Google announced it is experimenting with a new feature that allows users to see search results while on a web page, without having to click back to the search results. The goal is to help users compare search results and make it easy to quickly click away from a web page and visit a competing web page.
The new experimental Google feature is a side panel search that is one of two experiments that makes Google’s search results pages (SERPs) persistent.
When the presence of something lasts longer than normal or what is normally expected it is said to be persistent.
Both experiments show Google moving toward a more persistent style of search experience that makes the search results pages visible longer and accessible even when a user is on a web page.
The experimental side panel search results makes it easier for searchers to navigate away from a web page to a competitor web page.
Two New Google Search Experiments
There were two search experiments announced:
Side Panel Search
The first experiment is called Journeys. The feature collects past searches on a related topic and groups them together. The feature is like a history archive of past searches but they are grouped by topic, which makes it easier to find specific searches related to a topic.
The goal is to make it easy for Google users to use Google for researching topics.
Google describes the feature as a way to cluster web pages:
“If you’ve been researching a trip to Yosemite for the past few weeks, Journeys will cluster all the pages you’ve visited related to Yosemite so you can easily view them without having to sift through your browsing history.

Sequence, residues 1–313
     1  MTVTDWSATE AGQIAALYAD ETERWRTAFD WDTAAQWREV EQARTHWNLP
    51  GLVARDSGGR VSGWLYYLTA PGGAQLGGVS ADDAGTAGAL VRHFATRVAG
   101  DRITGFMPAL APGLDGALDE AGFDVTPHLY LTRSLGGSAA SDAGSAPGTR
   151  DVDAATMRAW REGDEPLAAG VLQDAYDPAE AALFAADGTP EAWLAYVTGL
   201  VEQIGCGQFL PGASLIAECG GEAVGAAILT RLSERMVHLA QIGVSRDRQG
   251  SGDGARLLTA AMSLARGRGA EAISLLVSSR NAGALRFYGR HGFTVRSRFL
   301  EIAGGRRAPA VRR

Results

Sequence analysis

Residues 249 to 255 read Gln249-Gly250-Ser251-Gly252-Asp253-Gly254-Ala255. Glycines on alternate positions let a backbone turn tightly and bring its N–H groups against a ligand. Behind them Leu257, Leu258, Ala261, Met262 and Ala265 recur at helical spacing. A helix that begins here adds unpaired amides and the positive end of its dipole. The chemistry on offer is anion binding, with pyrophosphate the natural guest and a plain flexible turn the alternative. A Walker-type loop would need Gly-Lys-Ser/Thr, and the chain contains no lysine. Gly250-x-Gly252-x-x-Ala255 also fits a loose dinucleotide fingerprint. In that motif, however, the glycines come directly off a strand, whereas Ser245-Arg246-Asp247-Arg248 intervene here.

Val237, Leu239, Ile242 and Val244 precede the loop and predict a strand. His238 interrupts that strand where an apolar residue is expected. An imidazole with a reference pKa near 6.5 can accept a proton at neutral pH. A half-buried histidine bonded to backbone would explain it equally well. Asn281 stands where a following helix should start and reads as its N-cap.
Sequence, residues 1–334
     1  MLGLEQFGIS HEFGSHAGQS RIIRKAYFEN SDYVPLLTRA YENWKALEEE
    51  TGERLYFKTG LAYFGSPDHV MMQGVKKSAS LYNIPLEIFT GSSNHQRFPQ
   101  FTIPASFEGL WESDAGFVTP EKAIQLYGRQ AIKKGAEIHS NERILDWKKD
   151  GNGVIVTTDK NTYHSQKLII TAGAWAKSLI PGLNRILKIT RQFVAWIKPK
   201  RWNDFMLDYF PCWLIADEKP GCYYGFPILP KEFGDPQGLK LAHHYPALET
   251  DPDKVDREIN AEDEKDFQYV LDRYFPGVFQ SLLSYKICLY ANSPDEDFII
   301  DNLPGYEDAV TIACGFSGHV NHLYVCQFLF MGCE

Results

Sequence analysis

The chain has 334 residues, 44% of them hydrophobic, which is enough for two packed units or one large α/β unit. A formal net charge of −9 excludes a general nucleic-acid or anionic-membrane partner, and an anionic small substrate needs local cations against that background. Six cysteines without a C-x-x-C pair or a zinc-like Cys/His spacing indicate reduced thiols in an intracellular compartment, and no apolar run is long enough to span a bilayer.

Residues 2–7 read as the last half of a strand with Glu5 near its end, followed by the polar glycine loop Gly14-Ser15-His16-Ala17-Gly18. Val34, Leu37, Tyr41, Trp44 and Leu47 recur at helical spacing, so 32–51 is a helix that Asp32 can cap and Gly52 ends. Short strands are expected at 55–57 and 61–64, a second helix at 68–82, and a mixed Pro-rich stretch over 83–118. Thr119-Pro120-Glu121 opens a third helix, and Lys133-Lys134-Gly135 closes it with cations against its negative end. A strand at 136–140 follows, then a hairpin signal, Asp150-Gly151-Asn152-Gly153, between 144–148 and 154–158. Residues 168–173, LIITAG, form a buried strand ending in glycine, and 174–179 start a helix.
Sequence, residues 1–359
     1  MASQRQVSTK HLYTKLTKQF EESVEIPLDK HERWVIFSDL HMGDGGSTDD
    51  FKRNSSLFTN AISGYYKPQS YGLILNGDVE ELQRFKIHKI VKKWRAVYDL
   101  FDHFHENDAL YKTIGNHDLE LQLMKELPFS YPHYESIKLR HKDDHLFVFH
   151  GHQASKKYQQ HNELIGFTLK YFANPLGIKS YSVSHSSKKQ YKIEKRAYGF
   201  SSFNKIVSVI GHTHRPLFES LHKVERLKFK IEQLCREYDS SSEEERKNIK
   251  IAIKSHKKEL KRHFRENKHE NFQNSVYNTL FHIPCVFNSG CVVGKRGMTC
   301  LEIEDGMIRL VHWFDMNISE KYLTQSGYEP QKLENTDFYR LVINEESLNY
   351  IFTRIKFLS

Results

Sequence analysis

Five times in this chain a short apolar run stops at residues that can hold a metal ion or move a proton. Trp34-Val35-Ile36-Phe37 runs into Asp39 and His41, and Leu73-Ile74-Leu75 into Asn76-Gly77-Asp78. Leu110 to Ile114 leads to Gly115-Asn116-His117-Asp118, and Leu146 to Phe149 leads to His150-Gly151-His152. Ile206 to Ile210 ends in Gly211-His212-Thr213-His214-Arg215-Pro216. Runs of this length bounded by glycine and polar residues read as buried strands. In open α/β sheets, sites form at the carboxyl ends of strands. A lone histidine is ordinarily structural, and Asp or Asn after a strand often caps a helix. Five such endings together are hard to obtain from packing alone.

You’ll also see related search suggestions so you can continue planning your trip right there.”
The Chrome Journeys data is not sent back to Google, it is information that is stored locally.
Google says they may consider expanding it in future versions so that the Journeys can be accessed across different devices.
Google Chrome Journeys Screenshot
Google Side Panel Search
The second experimental feature is a three-step process that starts with a normal Google search and then a click to a website.
The third part is a side panel that opens up on the left hand side to reveal the search results that the user navigated away from moments ago.
From the Chrome browser side panel a user can scroll up and down through the search results while simultaneously still on the website.
If the user finds another search result more appealing they can click from the side bar and swiftly navigate away from the website they had previously navigated to from search.
Frictionless Way to Return to Google Search
The experimental side panel search result removes the need to click a back button to return to Google’s search results.
Side panel searching allows a user to more easily compare the page they are on to other pages in the search results and click back and forth between them.
Google Side Panel for Persistent Search Results
Google describes the new experimental feature as helping users compare search pages:
“To make it easier to compare search results and find what you’re looking for more quickly in Chrome, we’re experimenting with a new side panel in the Chrome OS Dev channel, so you can view a page and the search results at the same time.
This lets you view a page right in your main browser window without needing to navigate back and forth or losing your search results. The goal of this experiment is to explore how Chrome can better help users easily compare results…”
Screenshots of Side Panel Search